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P04 The phenotypic effects of antenatal multiple micronutrient supplementation in Nepalese children
  1. D Devakumar1,
  2. JCK Wells2,
  3. SS Chaube3,
  4. NM Saville1,
  5. DS Manandhar3,
  6. A Costello1,
  7. JG Ayres4,
  8. J Stocks5,
  9. D Osrin1
  1. 1Institute for Global Health, University College London, London, UK
  2. 2Childhood Nutrition Research Centre, University College London, London, UK
  3. 3Mother and Infant Research Activities (MIRA), Nepal
  4. 4Institute of Occupational and Environmental Medicine, University of Birmingham, Birmingham, UK
  5. 5Institute of Child Health and Great Ormond Street Hospital, University College London, London, UK


Background A growing body of evidence suggests that changes in early-life environment can have lasting effects. To investigate this, we followed up children from a double-blind randomised controlled trial of antenatal multiple micronutrient (UNIMAPP) supplementation. The trial showed the intervention group was 77 g heavier at birth and 204 g heavier at 2.5 years, with a 2.5 mmHg lower mean blood pressure.

Aims To investigate whether antenatal multiple micronutrient supplementation led to sustained phenotypic differences in mid-childhood.

Methods The study was conducted in the south of Nepal, from September 2011-December 2012. We measured anthropometry, body composition using bioelectrical impedance (with a population specific isotope calibration), blood pressure and kidney dimensions by ultrasound. Spirometry was performed according to the ‘American Thoracic Society/European Respiratory Society’ standards, adjusted for children. We produced a personal estimate of air pollution exposure by sampling respirable particle mass in the microenvironments in which the children reside. We calculated the crude difference by trial group, then constructed a directed acyclic graph from which we chose potential confounders in multiple linear regression models.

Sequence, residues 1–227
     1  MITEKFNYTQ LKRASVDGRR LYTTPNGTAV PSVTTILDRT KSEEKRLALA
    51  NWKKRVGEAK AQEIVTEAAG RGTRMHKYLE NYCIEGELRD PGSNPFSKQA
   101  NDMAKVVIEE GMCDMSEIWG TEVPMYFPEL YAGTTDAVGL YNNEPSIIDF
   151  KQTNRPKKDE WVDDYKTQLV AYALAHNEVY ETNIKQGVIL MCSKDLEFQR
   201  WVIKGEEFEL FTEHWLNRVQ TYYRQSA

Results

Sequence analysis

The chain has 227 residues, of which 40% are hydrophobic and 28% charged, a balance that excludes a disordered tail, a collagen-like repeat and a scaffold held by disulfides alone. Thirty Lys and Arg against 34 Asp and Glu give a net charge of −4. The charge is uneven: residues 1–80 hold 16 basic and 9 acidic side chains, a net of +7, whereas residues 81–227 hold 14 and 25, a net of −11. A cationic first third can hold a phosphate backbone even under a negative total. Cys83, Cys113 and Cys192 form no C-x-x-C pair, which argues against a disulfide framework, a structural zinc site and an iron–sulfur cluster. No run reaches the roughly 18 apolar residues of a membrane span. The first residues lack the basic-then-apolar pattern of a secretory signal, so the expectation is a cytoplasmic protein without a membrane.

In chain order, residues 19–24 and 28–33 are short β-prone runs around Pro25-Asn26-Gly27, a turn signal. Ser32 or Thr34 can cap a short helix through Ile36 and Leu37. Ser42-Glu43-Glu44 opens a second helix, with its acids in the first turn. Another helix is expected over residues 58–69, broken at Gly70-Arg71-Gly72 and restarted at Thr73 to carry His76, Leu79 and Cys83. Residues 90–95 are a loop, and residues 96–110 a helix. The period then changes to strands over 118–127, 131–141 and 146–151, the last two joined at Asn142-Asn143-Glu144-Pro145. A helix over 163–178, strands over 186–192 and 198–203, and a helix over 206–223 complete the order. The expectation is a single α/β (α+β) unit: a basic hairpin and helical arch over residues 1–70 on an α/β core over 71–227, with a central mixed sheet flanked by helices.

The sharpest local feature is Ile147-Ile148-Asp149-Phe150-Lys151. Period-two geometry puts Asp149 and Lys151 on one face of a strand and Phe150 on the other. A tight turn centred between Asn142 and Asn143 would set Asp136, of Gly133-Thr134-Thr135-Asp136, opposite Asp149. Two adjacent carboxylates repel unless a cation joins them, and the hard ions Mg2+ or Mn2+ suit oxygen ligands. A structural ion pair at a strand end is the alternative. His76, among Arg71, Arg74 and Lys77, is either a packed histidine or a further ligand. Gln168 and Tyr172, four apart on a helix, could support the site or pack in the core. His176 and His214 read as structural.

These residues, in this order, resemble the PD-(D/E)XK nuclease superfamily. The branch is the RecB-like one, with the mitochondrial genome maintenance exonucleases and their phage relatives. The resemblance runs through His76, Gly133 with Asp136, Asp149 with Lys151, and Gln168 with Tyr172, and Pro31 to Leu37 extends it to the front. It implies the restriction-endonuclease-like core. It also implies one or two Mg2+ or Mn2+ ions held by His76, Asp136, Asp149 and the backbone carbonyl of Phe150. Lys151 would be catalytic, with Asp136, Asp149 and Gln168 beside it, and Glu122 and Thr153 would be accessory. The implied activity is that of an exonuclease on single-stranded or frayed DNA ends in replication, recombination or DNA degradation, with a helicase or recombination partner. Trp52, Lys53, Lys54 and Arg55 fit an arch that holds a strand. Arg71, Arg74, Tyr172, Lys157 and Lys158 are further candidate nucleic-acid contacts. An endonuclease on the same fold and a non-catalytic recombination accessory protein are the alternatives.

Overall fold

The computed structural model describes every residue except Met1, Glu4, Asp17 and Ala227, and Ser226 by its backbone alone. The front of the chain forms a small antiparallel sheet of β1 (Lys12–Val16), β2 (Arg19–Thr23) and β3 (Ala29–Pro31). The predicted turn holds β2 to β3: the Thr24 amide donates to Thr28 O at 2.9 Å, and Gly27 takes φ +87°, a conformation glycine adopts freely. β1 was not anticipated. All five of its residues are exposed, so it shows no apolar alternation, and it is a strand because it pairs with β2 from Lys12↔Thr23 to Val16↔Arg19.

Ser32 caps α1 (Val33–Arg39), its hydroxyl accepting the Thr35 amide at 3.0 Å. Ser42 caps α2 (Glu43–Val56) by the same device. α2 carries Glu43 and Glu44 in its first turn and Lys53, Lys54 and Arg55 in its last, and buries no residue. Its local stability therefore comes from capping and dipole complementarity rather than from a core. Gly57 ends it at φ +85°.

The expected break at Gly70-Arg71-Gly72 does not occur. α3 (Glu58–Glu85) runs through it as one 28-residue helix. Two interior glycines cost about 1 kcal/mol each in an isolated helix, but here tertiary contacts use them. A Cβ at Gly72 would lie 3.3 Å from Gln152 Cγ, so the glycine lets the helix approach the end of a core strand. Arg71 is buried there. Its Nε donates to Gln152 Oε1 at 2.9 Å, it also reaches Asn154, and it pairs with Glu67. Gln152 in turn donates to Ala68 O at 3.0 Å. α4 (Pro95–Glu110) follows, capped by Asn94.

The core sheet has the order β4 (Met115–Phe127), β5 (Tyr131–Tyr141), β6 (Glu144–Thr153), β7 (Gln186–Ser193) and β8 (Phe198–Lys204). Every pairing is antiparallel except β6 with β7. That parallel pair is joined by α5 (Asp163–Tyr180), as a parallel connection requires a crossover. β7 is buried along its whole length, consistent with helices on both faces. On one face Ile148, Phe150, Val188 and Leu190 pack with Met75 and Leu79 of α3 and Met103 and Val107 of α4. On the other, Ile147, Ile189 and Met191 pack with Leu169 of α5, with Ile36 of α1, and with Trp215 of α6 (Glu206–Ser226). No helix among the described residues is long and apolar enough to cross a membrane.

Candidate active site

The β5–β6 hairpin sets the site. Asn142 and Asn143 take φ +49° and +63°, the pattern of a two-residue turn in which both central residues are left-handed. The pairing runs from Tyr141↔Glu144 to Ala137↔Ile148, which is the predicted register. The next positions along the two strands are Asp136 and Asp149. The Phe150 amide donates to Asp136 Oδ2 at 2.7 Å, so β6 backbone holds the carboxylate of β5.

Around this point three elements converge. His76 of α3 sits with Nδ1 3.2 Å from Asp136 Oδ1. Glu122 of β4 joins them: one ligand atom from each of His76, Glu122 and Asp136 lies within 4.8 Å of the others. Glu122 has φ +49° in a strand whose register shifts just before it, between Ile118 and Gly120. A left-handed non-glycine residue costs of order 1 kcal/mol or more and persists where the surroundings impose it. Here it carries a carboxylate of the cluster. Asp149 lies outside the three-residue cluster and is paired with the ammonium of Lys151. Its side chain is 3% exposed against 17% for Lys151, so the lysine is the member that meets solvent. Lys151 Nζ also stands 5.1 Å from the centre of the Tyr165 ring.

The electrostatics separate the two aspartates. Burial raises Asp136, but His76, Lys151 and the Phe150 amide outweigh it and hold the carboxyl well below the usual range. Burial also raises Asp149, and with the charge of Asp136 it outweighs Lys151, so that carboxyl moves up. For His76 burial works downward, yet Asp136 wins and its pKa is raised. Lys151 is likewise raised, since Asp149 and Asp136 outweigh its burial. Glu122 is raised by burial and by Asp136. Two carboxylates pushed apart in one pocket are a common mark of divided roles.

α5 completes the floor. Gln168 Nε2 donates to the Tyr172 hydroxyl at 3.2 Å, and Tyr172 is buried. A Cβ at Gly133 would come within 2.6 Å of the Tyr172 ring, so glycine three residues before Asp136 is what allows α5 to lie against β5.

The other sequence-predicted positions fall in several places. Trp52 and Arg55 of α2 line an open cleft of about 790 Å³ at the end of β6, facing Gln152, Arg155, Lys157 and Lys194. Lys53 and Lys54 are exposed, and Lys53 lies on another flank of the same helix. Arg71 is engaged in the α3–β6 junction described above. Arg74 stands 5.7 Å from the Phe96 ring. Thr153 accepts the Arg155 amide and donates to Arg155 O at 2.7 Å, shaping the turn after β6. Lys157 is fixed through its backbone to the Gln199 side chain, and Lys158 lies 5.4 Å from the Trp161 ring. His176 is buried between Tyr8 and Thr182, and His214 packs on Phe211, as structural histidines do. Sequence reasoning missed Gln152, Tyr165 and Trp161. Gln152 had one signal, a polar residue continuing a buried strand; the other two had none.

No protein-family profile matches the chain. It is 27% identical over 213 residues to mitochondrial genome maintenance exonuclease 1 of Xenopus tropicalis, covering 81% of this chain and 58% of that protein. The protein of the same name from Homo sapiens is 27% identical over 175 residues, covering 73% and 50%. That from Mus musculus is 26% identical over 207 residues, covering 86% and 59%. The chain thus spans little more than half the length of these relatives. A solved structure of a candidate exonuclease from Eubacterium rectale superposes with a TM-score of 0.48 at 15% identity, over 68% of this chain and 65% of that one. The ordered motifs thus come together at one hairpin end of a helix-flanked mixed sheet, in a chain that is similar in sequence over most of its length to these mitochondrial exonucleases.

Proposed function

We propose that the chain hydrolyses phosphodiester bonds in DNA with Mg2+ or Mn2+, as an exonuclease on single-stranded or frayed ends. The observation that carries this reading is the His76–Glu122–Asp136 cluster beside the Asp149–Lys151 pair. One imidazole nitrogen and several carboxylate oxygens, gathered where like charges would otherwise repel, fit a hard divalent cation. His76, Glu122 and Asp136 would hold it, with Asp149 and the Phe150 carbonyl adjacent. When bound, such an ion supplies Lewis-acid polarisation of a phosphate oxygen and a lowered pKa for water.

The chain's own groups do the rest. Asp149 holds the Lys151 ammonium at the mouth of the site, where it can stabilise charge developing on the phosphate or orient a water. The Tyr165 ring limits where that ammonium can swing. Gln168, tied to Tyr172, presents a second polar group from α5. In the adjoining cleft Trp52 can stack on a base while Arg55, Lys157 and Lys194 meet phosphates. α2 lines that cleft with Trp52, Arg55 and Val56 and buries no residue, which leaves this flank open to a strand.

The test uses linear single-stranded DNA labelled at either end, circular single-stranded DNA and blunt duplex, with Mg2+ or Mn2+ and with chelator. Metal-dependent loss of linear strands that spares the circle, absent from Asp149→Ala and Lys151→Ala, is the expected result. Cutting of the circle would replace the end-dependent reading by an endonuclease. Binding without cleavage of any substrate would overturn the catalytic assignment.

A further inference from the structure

Results We saw 841 children (80% of total), mean age 8.5 years. Other than maternal education and residence, children lost to follow-up were no different. The unadjusted mean (95% CI) difference (intervention minus control), showed weight-for-age 0.05 z-scores (–0.09, 0.19), height-for-age 0.02 z-scores (–0.10, 0.15) and BMI-for-age 0.04 z-scores (–0.09, 0.18). Similarly there was no difference in blood pressure or lung function. The adjusted differences were similar for all outcomes. There was a tendency for girls in the intervention group to be slightly heavier with lower lung function values, but these results did not reach statistical significance.

Conclusions Differences in phenotype were not apparent at 8.5 years between children born to mothers who received antenatal UNIMMAP supplements compared with iron and folate. While not ruling out physiological differences and longer-term effects, our findings do not suggest a sustained effect of antenatal micronutrient supplementation on growth.

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